American Alek Skarlatos’ 1st Thought During Paris-Bound Train Was ‘Just Trying Not to Die’


(ABC News) — U.S. serviceman Alek Skarlatos, who helped stop a gunman on a Paris-bound train last week, said his first thought was “just trying not to die.”

Recalling on “Good Morning America” today what ran though his mind when he first saw the gunman and realized his life was in danger, Skarlatos said, “I immediately recognized what was happening, and I just thought, ‘There is just no way. There is no way this is happening right now.’”

“Then we just acted, and I didn’t have another conscious thought for the next two minutes.”

Skarlatos, 22, an Army National Guardsman assigned to an infantry unit in Roseburg, Oregon, was on vacation in Europe with his friends after a tour in Afghanistan. Skarlatos, Airman 1st Class Spencer Stone, 23, of Carmichael, California, and Anthony Sadler, 23, a senior at Sacramento State University in California, were among the train passengers last Friday when they helped stop a man armed with guns and a box cutter who had started firing.

Skarlatos said as he, Salder, Stone and British businessman Chris Norman worked together to subdue the gunman, “Everybody behind the terrorist just ran back about two or three cars. And then everybody in our train car either helped out in some way or just kind of sat there in shock.”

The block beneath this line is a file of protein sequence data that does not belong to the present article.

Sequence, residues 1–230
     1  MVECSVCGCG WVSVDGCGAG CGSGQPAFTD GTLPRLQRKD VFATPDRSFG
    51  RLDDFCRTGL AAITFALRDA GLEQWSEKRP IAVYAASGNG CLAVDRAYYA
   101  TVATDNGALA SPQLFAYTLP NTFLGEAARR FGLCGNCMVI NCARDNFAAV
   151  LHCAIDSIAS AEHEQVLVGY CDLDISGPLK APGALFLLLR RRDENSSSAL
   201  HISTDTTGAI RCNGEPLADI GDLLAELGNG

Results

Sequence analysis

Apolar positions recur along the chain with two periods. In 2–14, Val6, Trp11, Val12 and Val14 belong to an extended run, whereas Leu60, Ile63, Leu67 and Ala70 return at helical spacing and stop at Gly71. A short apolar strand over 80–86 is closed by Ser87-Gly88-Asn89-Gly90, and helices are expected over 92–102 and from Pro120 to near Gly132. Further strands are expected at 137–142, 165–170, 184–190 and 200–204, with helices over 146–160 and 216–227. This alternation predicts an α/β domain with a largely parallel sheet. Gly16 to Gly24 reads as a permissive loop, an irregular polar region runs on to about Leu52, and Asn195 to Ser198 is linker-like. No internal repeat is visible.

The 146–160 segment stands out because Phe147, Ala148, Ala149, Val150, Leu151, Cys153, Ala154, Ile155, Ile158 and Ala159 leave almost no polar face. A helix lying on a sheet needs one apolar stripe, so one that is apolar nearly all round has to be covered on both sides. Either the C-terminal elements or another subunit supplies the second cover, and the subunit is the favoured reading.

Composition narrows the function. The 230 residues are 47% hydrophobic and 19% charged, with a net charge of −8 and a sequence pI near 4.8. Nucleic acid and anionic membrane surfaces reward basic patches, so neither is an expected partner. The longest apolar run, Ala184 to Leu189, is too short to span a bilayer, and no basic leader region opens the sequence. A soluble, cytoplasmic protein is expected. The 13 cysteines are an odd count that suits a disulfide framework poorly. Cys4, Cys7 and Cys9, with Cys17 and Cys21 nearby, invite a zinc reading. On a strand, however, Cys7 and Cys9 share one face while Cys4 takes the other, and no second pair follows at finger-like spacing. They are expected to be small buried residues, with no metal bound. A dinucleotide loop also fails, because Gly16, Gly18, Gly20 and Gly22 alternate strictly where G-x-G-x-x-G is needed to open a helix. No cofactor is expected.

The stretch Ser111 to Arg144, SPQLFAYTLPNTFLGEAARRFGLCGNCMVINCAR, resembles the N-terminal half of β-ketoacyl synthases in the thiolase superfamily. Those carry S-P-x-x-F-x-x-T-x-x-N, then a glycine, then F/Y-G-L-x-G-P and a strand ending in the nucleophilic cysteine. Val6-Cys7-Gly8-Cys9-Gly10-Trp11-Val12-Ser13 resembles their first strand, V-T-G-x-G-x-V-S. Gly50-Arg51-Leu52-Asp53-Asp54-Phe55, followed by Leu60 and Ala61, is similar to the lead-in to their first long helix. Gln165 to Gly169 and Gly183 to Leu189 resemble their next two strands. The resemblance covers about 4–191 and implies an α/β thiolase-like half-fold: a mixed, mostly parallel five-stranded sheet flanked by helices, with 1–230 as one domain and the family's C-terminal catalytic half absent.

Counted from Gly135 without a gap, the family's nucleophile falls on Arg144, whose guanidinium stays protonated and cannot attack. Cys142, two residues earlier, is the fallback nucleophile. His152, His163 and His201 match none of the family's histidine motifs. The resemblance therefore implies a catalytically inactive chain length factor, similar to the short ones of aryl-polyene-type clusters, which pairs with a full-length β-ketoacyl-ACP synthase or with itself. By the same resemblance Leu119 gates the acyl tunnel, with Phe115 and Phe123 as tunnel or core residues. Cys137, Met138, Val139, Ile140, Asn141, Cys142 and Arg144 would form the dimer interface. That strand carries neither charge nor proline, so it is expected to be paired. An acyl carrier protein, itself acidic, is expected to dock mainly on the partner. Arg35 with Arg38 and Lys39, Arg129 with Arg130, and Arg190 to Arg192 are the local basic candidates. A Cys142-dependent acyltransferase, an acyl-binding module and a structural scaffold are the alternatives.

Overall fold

Skarlatos described his initial decision to jump in and help as a “gut reaction,” noting that his military training didn’t kick in until later.

“We were just acting on adrenaline and doing what we had to do to survive,” he said.

“Once we were able to think again, that was kind of when training kicked in, but before that, we were just trying not to die.”

After the train was stopped and the gunman was in custody, he said the magnitude of the event still hadn’t hit him.

“I thought they would just question us and then put us on the next train to Paris,” Skarlatos said. “I didn’t think it was going to be this big at all.”

And when Skarlatos finally returned to the United States this week, he was shocked to see law enforcement officers at the airport lining up to shake his hand.

“I was so grateful to everybody that showed up for that. That was just amazing,” he said. “That many law enforcement officers showing up … it meant a lot to me.”

While Skarlatos and Sadler escaped the attack without injury, their friend Stone underwent surgery to reattach his thumb after the gunman slashed him with the box cutter. Stone was released from a French hospital then taken to Germany for further medical treatment.

“He’s still stuck in Ramstein, but he’s doing great,” Skarlatos said today of Stone. “He’s in high spirits. He just couldn’t be here today, unfortunately.”

Skarlatos doesn’t know what’s next for him, but said, “I’m probably going to go back to Germany and hang out with Spencer.”

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